Watson Twins and more

7th St. Entry

Over the past several years, Sub Pop has become quite the animal collective: first Wolf Parade, then Band of Horses, now Fleet Foxes. The sunny, bucolic pop of the Foxes, however, is far removed from stereotypical Sub Pop indie rock—by about 30 to 40 years. The Washington-based band's sound harkens back to the West Coast's golden era when vocal harmonies were prized above guitar solos. To Fleet Foxes' credit, their homage is fondly reminiscent without being shamelessly nostalgic, endearing but not precious. Most impressively, on songs like "Ragged Wood" and "Blue Ridge Mountains," the Foxes' pastoral prettiness blossoms into yearning wanderlust. Close your eyes and you'll swear you're in the foothills, traversing a vast, empty expanse. The ragged, lo-fi folk from openers the Duchess and the Duke should provide an appropriately gritty counterpoint. With Yer Cronies. 18+. $10. 8 p.m. 701 First Ave. N., Minneapolis; 612.332.1775. —Jonathan Garrett


No Age

Triple Rock Social Club

Talk to the hand: The Watson Twins
John Von Pamer
Talk to the hand: The Watson Twins

Everything about L.A. twosome No Age screams community-mindedness and inclusiveness somehow: the noise-meets-hardcore-meets-shoegaze sound, the all-ages-venue they operate (the Smell), the nascent scene they're leading to national visibility, even the thick, D.I.Y./arty photo book that came packaged with Nouns, their new-ish Sub Pop debut. Once the initial shock wears off—that, you know, Dean Spunt and Randy Randall are bringing something somewhat mainstream-friendly to the table this time, as opposed to the entropic void that was 2007's Weirdo RippersNouns' catchy, clearer-eyed palatability becomes less sell-out move than full potential achieved. Soon thereafter, it becomes apparent that this pair aren't one-trick ponies, after all: "Things I Did When I Was Dead" being downright gorgeous, "Errand Boy" being downright Siltbreeze, the nonsensical nature of the lyrics being beside the larger, hopefully inspirational point. Which is—or seems to be—carpe diem, dude. Start a band or a movement, already, and prove to yourself—and the world—that you're alive. With Abe Vigoda. All Ages. $8/$10 at the door. 5 p.m. 629 Cedar Ave., Minneapolis; 612.333.7499. —Ray Cummings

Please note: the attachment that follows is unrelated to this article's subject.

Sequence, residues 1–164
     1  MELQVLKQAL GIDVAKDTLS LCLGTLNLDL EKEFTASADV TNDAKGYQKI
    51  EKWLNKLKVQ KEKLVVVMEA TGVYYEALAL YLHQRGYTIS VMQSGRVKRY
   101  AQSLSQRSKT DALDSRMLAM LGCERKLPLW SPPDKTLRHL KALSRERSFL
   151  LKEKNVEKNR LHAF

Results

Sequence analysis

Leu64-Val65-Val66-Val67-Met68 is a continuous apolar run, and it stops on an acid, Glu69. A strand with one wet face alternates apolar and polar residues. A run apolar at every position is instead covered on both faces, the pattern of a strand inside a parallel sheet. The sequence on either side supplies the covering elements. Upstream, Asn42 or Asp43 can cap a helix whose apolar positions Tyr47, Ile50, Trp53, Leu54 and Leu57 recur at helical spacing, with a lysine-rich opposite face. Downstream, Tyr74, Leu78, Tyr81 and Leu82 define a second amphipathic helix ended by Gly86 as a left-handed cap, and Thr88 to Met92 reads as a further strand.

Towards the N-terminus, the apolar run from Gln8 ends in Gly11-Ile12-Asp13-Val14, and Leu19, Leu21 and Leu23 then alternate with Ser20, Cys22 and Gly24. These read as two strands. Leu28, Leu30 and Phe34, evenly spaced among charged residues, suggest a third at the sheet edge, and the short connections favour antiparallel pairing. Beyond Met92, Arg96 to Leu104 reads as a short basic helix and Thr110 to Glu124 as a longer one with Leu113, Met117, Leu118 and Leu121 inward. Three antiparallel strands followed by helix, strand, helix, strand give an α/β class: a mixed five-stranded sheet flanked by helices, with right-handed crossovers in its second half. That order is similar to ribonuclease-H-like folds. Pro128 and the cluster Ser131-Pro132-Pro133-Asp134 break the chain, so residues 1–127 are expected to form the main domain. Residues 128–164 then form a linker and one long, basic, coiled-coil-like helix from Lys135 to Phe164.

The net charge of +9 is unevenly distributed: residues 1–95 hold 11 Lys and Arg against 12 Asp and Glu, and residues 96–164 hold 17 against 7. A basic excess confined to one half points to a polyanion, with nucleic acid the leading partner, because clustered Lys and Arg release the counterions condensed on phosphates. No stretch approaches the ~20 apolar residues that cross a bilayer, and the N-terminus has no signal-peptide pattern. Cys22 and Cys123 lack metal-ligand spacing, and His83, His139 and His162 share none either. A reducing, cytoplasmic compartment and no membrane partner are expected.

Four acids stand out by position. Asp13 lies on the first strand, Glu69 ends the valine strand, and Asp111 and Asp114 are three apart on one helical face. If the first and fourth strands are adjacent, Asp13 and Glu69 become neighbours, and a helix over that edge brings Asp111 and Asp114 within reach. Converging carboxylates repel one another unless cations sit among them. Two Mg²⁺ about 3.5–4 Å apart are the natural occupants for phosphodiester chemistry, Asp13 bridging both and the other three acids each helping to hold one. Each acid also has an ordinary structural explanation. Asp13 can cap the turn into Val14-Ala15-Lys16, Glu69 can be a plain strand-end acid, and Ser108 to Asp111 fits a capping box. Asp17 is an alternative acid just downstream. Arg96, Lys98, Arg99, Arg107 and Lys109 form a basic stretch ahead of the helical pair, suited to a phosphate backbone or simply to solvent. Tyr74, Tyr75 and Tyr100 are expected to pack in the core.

Jay Reatard

Triple Rock Social Club

Jay Lindsey has been making a scene as Jay Reatard for almost 10 years now, and after 2006's Blood Visions he made a big impression. After starting as a solo artist at the tender age of 15 and playing and recording with a long list of bands in his hometown of Memphis, it came full-circle. His garage-punk sound is awash with jangly, fuzzed-out guitars; incredibly satisfying, fast, aggressive drums; and Reatard's own unique voice, which goes from sing-talk to yelp to melodic tool of rock warfare. Keeping busy, but without a new full-length, this year he released a couple of 7-inches with his imprint on them, one split with Deerhunter and one on his own. Given the stories about the intensity of his performances, combined with the glammed-out (without the godawful outfits and/or makeup) glory of openers Cheap Time and locals Private Dancer, who both sound as if they stepped right out of the rock 'n' roll time machine, tonight's Triple Rock show might just be legendary. 21+. $10. 10 p.m. 629 Cedar Ave., Minneapolis; 612.333.7499. —Jen Paulson


Apples in Stereo

Turf Club

In our collective consciousness, the Elephant Six collective towers like a brilliantly ornamented obelisk. From that vaunted co-op came the most luminary music of the '90s, and though a few of its members are still active today, there is the pleasant sense when watching Apples in Stereo that they are emissaries from your own past, returned briefly from a time that is arrested and unspoilable and full of beautiful music. Apples frontman Robert Schneider, who was active in most of the principal Elephant Six bands, sports a discography that glows like a prayer candle to Brian Wilson and all things that glitter in our shared memory, and New Magnetic Wonder, the Apples' most recent full-length, is their most advanced, appealing work yet. Eschewing the Fisher Price aesthetic that marked their golden days, it's a record that, for the first time, seems as enthralled with the present and future as it is with the past. With Poison Control Center and Big Fresh. 21+. $12. 8 p.m. 701 First Ave. N., Minneapolis; 612.332.1775. —David Hansen

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